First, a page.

"Jeff is very passionate about the business," said Troy Tafoya, president of Fort Collins, Colo.-based Professional Document Solutions. "If you get somebody who isn't as passionate about the business, it can go in the wrong direction. That's a concern we'd all have. I think he has made Xerox great again in terms of focusing on the core business, more focus on employee and partner satisfaction, and most importantly customer satisfaction. At the end of the day, they decide if we have a job or not."
Tafoya said he has been excited to transition away from the traditional agent-only partnership model, despite the associated challenges, and believes apps could become a true difference-maker for the Xerox channel down the road. He also believes that Icahn's call for a leadership change is hasty, given that many of these examples are recently-launched developments.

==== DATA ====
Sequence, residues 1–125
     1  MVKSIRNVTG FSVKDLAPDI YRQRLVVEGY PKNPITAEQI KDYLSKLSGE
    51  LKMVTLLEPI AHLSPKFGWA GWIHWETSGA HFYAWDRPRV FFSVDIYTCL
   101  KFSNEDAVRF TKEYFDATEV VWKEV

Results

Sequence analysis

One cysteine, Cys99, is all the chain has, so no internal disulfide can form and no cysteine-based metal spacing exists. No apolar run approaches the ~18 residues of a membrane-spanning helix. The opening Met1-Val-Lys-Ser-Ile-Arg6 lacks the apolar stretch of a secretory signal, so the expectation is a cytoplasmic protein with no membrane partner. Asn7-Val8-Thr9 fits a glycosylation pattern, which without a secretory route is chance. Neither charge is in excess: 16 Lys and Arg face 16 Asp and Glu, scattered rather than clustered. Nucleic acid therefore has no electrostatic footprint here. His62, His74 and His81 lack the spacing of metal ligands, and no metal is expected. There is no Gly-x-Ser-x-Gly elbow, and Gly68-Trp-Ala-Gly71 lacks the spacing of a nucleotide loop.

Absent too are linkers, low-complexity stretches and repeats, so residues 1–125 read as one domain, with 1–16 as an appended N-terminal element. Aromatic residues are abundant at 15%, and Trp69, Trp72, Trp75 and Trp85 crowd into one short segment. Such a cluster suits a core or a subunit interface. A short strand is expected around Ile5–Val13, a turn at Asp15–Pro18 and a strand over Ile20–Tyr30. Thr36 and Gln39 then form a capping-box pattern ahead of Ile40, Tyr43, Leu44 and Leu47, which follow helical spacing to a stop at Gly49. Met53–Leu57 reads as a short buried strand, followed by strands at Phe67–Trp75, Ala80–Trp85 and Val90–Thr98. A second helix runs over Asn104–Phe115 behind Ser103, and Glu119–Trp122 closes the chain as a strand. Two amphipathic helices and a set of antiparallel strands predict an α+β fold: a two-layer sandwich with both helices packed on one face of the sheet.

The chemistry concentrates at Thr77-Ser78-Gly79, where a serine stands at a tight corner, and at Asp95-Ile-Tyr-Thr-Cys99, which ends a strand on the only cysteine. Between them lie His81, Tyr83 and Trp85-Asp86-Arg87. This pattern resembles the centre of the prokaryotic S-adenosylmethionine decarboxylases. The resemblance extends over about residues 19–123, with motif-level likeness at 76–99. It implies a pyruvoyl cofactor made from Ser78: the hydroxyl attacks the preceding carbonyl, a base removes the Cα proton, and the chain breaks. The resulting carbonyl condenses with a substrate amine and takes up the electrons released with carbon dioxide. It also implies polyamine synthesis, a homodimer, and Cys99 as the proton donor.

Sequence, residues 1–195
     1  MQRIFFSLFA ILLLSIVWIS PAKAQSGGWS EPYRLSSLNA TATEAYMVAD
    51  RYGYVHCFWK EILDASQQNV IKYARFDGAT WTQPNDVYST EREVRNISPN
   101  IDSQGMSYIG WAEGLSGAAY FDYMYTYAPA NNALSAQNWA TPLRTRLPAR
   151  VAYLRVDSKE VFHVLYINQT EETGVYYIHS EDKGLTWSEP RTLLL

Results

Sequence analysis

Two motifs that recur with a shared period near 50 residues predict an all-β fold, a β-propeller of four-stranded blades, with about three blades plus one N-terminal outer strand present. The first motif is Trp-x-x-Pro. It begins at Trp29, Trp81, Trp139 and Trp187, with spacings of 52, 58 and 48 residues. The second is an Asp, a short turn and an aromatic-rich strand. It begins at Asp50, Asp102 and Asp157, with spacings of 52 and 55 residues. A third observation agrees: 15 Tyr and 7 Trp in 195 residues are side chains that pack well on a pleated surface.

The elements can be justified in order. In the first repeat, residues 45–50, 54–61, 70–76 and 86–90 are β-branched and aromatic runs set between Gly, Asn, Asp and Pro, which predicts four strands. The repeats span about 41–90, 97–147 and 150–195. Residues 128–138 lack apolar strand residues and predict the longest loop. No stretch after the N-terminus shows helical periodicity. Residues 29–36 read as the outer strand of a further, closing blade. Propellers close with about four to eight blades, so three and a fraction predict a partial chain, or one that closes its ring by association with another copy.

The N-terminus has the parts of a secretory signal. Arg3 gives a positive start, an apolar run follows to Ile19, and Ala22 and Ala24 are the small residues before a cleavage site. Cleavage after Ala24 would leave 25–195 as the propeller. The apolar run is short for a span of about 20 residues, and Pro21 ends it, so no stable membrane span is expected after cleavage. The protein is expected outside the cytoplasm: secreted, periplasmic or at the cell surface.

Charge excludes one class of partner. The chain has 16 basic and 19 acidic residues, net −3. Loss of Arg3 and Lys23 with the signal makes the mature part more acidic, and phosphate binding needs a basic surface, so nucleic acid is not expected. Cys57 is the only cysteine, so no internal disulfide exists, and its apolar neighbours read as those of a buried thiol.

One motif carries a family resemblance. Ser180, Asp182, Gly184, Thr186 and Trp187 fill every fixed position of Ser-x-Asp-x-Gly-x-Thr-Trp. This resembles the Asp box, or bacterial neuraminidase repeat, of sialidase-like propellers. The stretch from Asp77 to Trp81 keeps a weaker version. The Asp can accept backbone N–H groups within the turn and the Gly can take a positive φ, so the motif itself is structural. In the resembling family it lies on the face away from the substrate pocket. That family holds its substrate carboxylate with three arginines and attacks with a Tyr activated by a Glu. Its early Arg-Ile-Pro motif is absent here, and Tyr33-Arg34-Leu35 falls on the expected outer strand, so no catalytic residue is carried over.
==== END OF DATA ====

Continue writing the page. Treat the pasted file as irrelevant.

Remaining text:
"That is a shocker," Tafoya said. "Maybe they expected a quicker turnaround in terms of profit and where the company is heading. I think that's unrealistic in that short amount of time."
Just-Tech President Josh Justice echoed similar sentiments.
The La Plata, Md.-based solution provider, named Xerox App Developer of the Year in March, maintains a flourishing apps business that accounted for 10 percent of company revenue as of this past spring. Justice said the growth in custom Xerox app development has allowed his company to streamline workflows and, in turn, create new value for customers.